Monday, March 19, 2001
Nostalgia draws that lump in one's throat at the thought of ending
a fifteen-year journey, particularly if it involved an 18,000-mph orbit around
the earth and a near-sonic landing in the South Pacific Ocean.
On Friday, March 23*, a three-day delay from the original
scheduled date, the Russian space station MIR is expected to end its voyage.
Thanks to ParallelGraphics, a 3D Internet technology firm headquartered in
Dublin, Ireland, aspiring cosmonauts and couch potatoes alike can track the
space station's final days through the "End of MIR" 3D Web project.
"The beauty of MIR is that you can manipulate the mirrors to be a
cosmonaut yourself," says Sean Gregory of ParallelGraphics. By downloading the
free 500-Kbyte Cortona viewer, users can access the links from the Russian space
station data to the ParallelGraphics website tracking its progress. The VRML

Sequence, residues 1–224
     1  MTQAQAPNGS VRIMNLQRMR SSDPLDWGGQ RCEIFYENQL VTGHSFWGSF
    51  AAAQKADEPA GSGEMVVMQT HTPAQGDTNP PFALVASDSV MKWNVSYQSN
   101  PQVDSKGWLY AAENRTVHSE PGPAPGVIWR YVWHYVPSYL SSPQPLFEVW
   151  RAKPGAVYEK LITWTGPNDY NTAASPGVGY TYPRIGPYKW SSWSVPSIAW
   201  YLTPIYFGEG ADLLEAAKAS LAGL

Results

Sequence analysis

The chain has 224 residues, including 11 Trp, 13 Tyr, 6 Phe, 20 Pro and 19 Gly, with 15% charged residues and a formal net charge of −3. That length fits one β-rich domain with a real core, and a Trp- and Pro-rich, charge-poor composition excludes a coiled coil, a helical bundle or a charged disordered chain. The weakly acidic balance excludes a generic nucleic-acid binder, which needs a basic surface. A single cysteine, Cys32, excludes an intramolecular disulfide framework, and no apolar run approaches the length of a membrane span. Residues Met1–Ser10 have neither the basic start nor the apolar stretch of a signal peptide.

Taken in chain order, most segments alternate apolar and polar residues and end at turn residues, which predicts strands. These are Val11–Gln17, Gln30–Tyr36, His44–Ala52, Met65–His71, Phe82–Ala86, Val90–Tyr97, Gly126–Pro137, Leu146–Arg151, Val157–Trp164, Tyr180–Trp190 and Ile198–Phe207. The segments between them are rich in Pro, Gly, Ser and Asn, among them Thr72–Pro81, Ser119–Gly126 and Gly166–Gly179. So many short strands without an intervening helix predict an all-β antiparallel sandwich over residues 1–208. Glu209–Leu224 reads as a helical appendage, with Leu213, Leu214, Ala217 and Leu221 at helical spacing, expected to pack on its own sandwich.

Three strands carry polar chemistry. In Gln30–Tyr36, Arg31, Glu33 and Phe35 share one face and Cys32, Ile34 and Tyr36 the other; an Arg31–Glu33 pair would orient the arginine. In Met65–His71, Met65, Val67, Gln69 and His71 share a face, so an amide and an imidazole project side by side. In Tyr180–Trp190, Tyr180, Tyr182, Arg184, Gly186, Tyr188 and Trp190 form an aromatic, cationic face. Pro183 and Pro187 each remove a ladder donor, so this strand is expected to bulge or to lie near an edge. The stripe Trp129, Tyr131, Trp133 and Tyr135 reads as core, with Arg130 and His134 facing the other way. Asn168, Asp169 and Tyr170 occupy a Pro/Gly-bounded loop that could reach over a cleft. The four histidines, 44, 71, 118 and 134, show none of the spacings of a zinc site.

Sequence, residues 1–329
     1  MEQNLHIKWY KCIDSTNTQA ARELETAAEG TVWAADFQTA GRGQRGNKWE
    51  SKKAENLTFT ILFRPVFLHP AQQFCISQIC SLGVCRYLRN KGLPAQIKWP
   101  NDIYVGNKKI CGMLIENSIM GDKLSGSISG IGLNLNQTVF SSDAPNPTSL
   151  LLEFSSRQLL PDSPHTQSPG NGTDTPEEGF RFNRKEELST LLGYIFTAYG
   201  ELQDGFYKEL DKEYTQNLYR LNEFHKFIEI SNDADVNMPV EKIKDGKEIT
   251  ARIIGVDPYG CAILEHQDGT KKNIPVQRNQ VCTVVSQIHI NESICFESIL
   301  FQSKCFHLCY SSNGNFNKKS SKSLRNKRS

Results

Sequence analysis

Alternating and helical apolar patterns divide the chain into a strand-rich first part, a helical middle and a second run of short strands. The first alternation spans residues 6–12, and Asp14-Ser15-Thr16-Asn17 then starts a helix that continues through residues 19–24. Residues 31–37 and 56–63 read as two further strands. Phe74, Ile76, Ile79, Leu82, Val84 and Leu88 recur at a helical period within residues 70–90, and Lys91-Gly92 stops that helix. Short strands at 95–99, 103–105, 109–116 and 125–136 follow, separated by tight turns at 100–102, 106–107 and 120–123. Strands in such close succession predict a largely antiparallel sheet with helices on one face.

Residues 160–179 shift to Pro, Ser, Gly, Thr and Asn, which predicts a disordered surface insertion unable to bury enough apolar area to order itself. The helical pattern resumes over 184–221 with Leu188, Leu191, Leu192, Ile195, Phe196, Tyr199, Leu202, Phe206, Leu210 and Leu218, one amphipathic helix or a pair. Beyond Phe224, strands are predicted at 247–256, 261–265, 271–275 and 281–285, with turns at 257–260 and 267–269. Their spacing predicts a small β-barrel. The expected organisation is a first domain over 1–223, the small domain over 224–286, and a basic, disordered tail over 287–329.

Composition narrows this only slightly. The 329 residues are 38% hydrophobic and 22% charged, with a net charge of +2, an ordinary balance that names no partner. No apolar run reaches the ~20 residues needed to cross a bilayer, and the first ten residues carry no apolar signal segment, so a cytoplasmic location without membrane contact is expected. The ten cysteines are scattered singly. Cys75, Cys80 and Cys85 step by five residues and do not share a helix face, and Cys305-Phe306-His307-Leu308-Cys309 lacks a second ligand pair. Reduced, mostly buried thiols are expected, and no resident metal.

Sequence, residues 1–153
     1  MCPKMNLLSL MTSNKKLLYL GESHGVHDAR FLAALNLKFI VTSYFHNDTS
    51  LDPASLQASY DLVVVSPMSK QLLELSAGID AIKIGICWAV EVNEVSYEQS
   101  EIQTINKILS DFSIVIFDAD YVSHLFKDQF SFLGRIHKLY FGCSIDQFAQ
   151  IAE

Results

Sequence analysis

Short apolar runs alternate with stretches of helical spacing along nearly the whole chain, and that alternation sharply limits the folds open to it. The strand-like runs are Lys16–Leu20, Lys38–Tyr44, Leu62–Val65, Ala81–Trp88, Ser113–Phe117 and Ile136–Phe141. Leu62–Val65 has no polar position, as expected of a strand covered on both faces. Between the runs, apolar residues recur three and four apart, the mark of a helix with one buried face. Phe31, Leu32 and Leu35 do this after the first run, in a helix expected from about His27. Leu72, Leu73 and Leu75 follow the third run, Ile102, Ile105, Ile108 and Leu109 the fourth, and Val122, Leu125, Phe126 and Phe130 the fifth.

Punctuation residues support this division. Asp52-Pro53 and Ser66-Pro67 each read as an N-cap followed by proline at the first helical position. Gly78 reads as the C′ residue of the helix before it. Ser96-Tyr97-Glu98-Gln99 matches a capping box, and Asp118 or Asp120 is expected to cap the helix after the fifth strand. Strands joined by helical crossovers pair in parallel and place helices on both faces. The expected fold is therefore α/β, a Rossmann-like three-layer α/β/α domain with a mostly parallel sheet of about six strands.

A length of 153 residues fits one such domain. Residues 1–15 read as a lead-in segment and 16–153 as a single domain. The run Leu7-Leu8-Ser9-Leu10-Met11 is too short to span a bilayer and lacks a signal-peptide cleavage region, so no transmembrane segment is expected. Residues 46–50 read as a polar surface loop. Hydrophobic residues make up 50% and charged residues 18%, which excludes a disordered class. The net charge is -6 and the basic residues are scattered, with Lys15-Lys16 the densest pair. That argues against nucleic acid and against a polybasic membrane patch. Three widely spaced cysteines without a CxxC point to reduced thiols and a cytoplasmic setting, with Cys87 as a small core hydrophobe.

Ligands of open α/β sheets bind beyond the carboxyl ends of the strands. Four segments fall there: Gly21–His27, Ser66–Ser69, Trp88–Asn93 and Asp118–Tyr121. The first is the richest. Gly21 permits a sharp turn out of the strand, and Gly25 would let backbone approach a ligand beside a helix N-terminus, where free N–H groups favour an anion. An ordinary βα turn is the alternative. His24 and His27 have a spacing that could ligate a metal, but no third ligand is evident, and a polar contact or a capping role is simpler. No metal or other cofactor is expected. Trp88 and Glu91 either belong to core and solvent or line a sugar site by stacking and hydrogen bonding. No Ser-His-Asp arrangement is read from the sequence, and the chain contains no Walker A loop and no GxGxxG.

(Visual Reality Modeling Language) viewer enables users to follow the final path
of MIR in 3D, even on PDAs. According to Gregory, the website information and
look will change daily throughout the "End of MIR" project.
About two-thirds of MIR is anticipated to break up when passing
through the earth's atmosphere, but about one third of it will remain intact and
land in the South Pacific Ocean. And if you go to the website, Gregory adds,
"You get to see it burn up in real time." To view MIR's return to Earth, go to
*The scheduled MIR landing date is continually changing. For
schedule updates, visit www.cnn.com.